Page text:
Literature is filled with stories of mistaken identification: consider Mark Twain's The Prince and the Pauper, the stories of the Doppelgänger, and many Shakespearean plays. These stories appealed to our ancestors precisely because swapped or mistaken identities were not the stuff of everyday life. Before the Industrial Revolution, the world had no real need for a formal system of strong identification. In Europe, there wasn't even a need for last names until the Middle Ages! Most people were born in a place and lived there all their lives. People knew who you were. Outsiders were clearly identifiable.
A constellation of events in the late nineteenth century forced governments to find better ways to identify the people within their borders. The first was the rise of the modern city, in which people routinely carried out their day-to-day business with strangers. In the city, citizens needed a way of identifying each other so they could avoid being cheated: identity promotes accountability. The second event was the improved ease of travel, which created waves of immigrants seeking new homes. In short order, xenophobic lawmakers throughout Europe and the United States passed strict immigration laws to keep out the newly mobile foreigners. This, in turn, created a need for strong identification systems to let officials distinguish citizens from noncitizens. The third reason for strong identification was the nouveau concept of criminal rehabilitation--the idea that people who committed a crime could be rehabilitated and set on a new path, rather than simply put to death or exiled. Some sort of identification system was required to distinguish a first-time pickpocket from a habitual offender.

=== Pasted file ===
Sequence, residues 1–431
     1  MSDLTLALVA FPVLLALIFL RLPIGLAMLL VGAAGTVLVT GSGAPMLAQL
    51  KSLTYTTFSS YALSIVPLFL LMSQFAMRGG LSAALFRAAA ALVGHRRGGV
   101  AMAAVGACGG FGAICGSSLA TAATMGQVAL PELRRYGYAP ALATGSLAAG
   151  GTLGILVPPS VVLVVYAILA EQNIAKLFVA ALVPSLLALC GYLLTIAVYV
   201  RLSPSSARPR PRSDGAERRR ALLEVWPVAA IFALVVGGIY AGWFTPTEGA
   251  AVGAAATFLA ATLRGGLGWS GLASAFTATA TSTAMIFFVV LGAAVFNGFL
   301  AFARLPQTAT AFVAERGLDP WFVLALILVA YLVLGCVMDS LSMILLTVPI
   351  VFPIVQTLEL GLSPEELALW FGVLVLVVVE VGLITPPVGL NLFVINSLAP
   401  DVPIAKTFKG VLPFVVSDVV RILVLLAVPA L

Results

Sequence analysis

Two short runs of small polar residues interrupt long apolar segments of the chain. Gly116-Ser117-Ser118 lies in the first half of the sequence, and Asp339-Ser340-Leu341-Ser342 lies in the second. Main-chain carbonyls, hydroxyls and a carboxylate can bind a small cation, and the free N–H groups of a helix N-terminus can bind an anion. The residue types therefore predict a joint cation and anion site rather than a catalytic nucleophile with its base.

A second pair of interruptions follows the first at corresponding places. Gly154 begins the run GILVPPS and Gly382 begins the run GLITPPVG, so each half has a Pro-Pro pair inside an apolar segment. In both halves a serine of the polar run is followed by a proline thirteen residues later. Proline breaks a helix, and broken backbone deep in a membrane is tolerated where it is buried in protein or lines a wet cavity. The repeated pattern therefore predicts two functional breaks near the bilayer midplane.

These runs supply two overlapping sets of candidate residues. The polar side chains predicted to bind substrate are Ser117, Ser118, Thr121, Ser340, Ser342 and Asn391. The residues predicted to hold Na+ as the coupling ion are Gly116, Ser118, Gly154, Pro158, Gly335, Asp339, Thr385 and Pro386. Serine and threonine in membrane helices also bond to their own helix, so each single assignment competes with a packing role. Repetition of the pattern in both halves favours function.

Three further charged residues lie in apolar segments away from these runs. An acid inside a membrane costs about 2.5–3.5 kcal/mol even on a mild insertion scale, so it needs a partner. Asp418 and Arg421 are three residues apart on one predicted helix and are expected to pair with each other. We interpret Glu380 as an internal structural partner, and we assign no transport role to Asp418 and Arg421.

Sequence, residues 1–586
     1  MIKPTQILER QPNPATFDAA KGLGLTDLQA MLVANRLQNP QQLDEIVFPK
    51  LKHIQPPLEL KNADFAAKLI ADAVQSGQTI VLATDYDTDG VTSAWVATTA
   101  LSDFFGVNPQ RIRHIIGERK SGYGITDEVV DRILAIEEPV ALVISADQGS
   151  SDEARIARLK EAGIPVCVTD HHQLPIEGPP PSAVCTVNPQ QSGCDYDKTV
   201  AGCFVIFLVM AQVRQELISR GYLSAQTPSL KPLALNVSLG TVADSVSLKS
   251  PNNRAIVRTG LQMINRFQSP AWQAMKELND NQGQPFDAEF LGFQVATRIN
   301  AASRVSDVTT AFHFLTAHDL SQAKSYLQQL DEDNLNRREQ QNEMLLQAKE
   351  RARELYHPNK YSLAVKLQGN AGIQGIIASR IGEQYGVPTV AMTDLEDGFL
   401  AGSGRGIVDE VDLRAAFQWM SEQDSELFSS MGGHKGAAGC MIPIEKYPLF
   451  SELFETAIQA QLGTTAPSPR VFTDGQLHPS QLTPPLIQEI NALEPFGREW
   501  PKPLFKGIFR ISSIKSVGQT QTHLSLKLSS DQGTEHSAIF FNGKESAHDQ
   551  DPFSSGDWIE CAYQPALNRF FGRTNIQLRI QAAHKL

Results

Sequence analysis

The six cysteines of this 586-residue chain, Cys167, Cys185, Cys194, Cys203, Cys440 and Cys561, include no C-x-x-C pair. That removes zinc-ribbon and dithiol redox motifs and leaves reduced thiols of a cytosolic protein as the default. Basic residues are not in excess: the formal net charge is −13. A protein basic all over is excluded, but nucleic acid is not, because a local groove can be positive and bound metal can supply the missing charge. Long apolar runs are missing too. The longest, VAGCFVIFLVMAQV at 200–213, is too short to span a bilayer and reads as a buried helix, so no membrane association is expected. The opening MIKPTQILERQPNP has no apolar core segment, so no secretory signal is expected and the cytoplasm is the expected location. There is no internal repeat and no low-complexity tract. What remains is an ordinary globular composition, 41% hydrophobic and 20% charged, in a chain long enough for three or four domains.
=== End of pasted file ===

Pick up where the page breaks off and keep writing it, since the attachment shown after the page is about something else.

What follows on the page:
It was the problem of identifying convicted criminals that caught the attention of Alphonse Bertillion (1853-1914), a Parisian anthropologist. How do you identify a pickpocket who has been caught for the fourth time, if each time the crook is arrested he gives a different name? How is it possible to establish the continuity of identity without the cooperation of the individual?